'Ratio Christi' Defined
Ratio Christi is the “reason of Christ” (or the "rationality of Christ"). The Latin word ratio (pronounced "RA-she-oh"—the "A" is pronounced like the "a" in the English words "cat" and "rationality"; see note below*) can mean calculation, consideration, reason, and more. Indeed, Christianity is supported by probability calculations and other considerations drawn from human history (such as arguments for Jesus’ resurrection) and natural history (such as scientific arguments for God). The ancient Greek word logos has a range of meaning that overlaps with ratio. Logos can mean word, speech, argument, wisdom, and reason. Peter Kreeft has noted this in his book, The Philosophy of Jesus (2007), p. 9, Saint John even opens his biography of Jesus with: “In the beginning was the Logos and the Logos was with God and the Logos was God.” John tells us this Logos is Jesus. He is the source of all good things, including reason itself. Furthermore, Christian thinkers have long recognized that ratio and logos include discerning the inherent (God-given) intelligibility of any object of study. We can know a thing according to its nature, in view of its coherence and relations to other things, rather than just accidentally. This is possible because the creator, the ultimate ratio and logos, spoke the world into being. The world is designed to be known, and thus all academic disciplines are possible. This is ratio Christi--the reason of Christ.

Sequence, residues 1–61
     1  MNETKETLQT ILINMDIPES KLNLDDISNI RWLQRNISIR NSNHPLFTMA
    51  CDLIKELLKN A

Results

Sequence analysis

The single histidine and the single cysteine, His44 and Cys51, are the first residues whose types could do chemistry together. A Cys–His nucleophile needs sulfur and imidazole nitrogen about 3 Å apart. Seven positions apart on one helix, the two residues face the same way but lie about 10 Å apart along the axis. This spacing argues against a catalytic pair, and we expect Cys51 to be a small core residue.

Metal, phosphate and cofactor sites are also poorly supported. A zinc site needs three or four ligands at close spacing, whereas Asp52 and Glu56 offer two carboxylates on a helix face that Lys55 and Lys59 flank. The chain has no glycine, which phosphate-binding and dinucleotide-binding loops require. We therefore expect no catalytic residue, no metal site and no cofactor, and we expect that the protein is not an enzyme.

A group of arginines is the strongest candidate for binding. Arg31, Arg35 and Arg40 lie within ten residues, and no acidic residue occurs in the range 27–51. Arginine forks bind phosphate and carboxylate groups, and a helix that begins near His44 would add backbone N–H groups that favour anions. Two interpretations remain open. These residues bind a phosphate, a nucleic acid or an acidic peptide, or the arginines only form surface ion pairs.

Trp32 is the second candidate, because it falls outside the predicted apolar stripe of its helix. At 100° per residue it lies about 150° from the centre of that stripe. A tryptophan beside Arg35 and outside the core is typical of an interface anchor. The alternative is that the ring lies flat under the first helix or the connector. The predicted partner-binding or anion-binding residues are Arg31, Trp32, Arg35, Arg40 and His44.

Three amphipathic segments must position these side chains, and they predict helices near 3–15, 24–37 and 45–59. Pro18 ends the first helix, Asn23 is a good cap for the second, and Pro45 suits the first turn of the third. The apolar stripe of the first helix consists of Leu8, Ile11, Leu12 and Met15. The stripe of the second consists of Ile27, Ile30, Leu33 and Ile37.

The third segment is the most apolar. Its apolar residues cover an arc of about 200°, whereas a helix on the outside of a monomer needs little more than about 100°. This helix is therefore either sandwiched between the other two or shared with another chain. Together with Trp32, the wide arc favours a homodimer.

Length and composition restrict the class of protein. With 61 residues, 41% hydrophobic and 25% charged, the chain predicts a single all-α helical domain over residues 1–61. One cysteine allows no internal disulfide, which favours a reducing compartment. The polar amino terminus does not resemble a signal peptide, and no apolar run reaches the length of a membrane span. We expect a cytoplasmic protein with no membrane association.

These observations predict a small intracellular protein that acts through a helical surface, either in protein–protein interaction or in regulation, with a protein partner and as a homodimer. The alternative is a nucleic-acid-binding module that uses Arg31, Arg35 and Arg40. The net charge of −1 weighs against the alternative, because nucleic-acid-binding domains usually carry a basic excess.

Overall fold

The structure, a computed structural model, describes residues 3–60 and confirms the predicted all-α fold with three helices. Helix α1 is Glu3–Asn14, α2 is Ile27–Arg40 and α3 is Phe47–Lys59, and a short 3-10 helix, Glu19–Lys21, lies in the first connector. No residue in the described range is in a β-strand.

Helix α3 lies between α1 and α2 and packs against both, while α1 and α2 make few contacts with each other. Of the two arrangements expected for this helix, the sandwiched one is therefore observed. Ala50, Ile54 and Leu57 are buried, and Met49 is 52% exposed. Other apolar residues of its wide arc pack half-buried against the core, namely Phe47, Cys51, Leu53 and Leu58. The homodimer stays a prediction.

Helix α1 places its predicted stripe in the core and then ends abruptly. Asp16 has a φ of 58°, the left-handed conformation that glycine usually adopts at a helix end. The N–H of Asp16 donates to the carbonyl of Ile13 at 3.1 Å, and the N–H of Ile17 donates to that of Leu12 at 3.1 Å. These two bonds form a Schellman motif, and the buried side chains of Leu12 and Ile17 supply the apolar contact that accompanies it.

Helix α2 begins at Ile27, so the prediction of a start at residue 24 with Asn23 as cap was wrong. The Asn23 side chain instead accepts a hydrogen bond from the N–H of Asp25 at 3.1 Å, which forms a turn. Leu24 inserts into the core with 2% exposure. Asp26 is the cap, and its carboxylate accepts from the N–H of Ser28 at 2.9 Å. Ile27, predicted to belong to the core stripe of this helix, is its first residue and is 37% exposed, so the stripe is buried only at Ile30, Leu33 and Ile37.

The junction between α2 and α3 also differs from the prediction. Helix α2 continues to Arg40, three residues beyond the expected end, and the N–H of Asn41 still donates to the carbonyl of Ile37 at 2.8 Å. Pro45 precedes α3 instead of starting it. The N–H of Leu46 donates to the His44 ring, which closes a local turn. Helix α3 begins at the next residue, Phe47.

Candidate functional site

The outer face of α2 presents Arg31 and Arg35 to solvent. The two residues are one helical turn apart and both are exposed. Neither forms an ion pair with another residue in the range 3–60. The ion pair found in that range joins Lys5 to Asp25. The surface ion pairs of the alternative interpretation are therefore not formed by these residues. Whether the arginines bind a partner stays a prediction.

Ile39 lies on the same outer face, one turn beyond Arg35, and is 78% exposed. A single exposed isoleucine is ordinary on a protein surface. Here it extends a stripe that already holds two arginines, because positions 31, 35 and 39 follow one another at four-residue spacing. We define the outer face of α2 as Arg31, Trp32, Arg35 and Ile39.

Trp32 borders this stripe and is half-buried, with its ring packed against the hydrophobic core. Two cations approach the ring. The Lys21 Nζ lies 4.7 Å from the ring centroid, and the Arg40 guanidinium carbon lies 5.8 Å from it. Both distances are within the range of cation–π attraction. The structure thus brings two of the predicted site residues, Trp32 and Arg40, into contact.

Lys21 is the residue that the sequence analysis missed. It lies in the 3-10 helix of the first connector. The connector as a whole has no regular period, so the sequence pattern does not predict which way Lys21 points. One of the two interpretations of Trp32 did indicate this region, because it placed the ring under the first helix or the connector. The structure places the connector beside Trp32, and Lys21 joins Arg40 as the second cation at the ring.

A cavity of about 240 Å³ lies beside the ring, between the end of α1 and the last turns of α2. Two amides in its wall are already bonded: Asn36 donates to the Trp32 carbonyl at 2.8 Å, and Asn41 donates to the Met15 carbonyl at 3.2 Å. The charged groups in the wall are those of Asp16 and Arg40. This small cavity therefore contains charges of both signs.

Professor of the History and Philosophy of Science
The College at Southwestern (http://college.swbts.edu)
*Technical note on the Latin: This recommended "RA-she-oh" pronunciation of ratio follows a widely used method for Latin pronunciation in English context explained (here) by linguist Michael Covington who also offers alternate Latin pronunciation methods in this PDF document). Another common Latin pronunciation is RAH-tsee-oh, though this organization "official" pronunciation is RA-she-oh. English speakers routinely pronounce Christi like the Texan city of Corpus Christi (pronounced "KRIS-tee"), which means "the body of Christ."
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